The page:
Published on November 18th, 2023 | by Branden Zavaleta
Saltburn – Film Review
Reviewed by Branden Zavaleta on the 15th of November 2023
Universal presents a film by Emerald Fennell
Written by Emerald Fennell
Produced by Emerald Fennell, Josey McNamara, Tom Ackerley, and Margot Robbie
Starring Barry Keoghan, Jacob Elordi, Rosamund Pike, Richard E. Grant, Alison Oliver, Archie Madekwe, and Carey Mulligan
Cinematography Linus Sandgren
Edited by Victoria Boydell
Music by Anthony Willis
Running Time: 130 minutes
Release Date: the 16th of November 2023
In Saltburn, y2k nostalgia has been crystallised and weaponised into a glittering jewel of style and paired with opulent old money England, making for a seductive dark dramedy with bite.
That bite is like chocolate cake that’s not too moist nor too dry, washed down with beer and a cigarette. Sounds good, doesn’t it? But there’s more to it than that. Somewhere in that fine meal is blood, sweat, tears, and every other bodily fluid known to man.
This meal starts with Oliver, a first-year student at Harvard, a scholarship boy who’s quiet and withdrawn (Barry Koeghan). Chance pairs him with the school’s most popular boy, the stunningly charismatic Felix (Jacob Elordi). Despite this odd pairing, they become fast friends. They drink together, they walk alone together, they lay around in the summer heat together. When summer break comes, and Oliver bemoans returning home, Felix offers him a room at his family’s manor, Saltburn. It’s a grand estate with butlers, footmen, and Felix’s relentlessly eccentric family. While Oliver begins to lose himself in Felix’s life, he has to navigate the maze of Felix’s family, including his promiscuous sister (Alison Oliver), vapid mother (Rosamund Pike), and wily step-cousin (Archie Madekwe).
Saltburn is consistently stylish and refined, with almost every shot being cleverly composed and designed. For example, when Oliver peeks through a window, it’s not just a face beside a pane of glass, it’s a refracted kaleidoscope of his awestruck face. It’s delicious eye candy, which is no surprise coming from cinematographer Linus Sandgren (No Time To Die, La La Land), and it thoroughly enamours you with these odd characters and their luxe lifestyle.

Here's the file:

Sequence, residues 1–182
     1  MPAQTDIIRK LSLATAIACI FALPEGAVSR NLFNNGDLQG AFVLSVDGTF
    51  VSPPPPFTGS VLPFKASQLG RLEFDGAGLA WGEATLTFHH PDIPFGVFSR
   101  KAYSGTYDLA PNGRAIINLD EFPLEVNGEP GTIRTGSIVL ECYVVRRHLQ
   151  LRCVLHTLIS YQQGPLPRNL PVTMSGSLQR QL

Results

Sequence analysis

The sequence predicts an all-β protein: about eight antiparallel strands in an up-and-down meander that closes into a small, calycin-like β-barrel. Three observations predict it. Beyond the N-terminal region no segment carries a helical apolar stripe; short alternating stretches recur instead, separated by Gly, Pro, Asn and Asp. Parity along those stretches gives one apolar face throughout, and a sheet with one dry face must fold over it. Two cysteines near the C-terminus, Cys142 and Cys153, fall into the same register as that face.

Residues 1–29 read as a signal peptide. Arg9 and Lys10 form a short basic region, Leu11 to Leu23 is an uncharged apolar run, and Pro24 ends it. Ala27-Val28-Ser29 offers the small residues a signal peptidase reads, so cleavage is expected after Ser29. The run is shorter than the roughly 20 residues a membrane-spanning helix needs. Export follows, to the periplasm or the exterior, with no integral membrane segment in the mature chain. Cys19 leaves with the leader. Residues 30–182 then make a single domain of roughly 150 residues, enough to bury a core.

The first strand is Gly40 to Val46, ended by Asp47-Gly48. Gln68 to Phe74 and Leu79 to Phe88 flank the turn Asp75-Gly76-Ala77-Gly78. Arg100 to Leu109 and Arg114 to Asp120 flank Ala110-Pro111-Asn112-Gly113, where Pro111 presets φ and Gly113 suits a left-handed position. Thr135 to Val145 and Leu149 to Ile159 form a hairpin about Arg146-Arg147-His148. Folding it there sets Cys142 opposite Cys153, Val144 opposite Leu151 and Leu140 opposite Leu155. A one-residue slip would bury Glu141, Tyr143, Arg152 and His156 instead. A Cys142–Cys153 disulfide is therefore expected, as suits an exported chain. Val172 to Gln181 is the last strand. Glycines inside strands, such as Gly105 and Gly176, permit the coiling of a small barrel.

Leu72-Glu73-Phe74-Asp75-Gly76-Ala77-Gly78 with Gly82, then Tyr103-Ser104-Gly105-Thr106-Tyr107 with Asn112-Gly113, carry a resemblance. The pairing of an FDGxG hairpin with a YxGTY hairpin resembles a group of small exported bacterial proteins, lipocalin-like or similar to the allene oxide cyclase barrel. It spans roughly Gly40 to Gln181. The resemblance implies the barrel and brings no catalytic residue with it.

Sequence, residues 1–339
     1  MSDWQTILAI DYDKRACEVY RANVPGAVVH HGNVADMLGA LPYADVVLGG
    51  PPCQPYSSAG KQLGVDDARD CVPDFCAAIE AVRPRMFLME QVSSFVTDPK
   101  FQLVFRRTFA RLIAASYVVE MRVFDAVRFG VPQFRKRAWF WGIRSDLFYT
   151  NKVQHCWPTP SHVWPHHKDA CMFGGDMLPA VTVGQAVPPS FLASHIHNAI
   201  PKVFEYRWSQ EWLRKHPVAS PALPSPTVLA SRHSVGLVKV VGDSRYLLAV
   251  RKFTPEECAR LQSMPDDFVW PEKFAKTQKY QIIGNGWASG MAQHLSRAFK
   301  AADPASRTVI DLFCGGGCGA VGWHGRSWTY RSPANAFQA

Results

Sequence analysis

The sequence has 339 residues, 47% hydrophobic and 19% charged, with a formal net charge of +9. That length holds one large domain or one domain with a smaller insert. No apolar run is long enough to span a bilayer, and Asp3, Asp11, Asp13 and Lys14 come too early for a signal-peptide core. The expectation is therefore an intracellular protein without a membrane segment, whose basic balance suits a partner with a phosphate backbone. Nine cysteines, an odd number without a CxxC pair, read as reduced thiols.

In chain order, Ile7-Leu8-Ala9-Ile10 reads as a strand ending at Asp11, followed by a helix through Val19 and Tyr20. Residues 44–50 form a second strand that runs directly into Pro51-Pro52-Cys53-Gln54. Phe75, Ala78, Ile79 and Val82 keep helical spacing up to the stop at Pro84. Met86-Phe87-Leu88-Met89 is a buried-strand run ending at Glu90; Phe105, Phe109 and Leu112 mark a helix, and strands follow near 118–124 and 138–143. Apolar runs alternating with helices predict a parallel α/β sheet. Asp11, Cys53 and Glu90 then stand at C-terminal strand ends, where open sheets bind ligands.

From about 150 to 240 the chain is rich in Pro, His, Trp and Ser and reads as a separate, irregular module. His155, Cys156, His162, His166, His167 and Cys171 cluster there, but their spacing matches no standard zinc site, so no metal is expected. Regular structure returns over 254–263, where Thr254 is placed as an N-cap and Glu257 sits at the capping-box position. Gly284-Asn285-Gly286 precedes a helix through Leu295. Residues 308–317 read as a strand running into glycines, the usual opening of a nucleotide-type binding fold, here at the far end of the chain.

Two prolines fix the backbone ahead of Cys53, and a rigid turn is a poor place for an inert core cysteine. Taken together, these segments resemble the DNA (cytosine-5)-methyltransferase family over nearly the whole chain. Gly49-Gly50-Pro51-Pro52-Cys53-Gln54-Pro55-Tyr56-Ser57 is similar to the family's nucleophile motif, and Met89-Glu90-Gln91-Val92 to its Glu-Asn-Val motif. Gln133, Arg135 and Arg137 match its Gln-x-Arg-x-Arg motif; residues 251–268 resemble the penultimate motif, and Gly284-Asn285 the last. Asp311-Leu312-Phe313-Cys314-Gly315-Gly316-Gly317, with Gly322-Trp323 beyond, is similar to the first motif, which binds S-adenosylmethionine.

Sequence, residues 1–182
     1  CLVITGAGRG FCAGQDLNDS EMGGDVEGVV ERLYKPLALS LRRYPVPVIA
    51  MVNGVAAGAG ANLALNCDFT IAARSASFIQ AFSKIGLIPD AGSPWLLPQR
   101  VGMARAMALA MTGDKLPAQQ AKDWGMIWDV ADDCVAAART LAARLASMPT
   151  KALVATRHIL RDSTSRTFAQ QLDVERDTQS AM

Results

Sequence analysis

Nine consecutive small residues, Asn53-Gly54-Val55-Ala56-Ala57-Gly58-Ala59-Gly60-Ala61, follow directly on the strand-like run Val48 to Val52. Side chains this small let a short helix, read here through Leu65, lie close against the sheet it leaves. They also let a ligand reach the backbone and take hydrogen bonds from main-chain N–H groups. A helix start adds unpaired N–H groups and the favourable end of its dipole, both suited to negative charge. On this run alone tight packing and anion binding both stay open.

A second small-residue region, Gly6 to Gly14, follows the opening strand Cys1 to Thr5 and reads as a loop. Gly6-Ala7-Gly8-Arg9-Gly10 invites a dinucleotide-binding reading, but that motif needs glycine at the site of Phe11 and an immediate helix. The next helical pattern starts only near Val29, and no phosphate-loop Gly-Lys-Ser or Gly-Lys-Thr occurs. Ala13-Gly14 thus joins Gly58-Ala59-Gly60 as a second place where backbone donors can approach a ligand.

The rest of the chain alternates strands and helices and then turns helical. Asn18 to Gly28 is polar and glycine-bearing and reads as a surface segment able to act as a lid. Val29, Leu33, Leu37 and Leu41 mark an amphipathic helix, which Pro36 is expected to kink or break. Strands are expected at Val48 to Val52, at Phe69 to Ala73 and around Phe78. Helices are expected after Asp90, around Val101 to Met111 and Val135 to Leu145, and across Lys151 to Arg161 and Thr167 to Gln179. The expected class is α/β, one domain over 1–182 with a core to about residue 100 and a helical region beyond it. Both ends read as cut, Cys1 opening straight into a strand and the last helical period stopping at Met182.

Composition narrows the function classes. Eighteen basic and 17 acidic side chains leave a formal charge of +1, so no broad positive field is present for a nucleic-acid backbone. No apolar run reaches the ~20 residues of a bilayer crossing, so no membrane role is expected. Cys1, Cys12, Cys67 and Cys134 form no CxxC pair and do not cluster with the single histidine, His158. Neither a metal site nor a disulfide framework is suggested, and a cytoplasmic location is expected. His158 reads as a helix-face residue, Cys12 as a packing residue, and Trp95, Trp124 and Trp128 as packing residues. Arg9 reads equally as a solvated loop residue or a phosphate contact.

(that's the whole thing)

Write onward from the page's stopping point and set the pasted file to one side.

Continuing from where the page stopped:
Each character is acted pitch perfectly, with even especially minor characters like the terse majordomo, Duncan, revealing depths of character and history with only a few long looks and whispered words. As it often happens with glittering ensemble pieces like this, a few of the best actors fall to the wayside. Carey Mulligan appears and disappears with only a few minutes of screentime, and Richard E. Grant promises to galivant around in a suit of armour but never gets the chance. The duelling leads, the stoic Barry Koeghan and the dazzling Jacob Elordi, battle for the spotlight. Despite their height difference of almost a foot, Koeghan’s stocky, unflinching presence completely transfixes. His quiet power adds a low roar to the film that later reaches a stunning dramatic crescendo.
This crescendo is paired with Sophie Ellis-Bextor’s “Murder on the Dance Floor” and is so transformative and iconic that it instantly becomes the film’s centrepiece. This along with songs from MGMT, the xx, Lady Gaga, and a drunken singalong to “Mr Brightside” by The Killers create a rose-tinted image of the 00s that is intoxicating, and ethereal. It’s Oliver’s lost summer seen through disposable camera photos and party favours, and it’s ours too.
The film’s sensations and temptations aside, there’s a dark, twisted streak running through it – a slurping of someone’s bathwater, a pair of fingers that come up bloody. It’s not all sweat and summer sunbathing at Saltburn, but it is an unforgettable stay.
Summary: A devilishly seductive, stylish, and secretive cat-and-mouse affair set in an old money manor.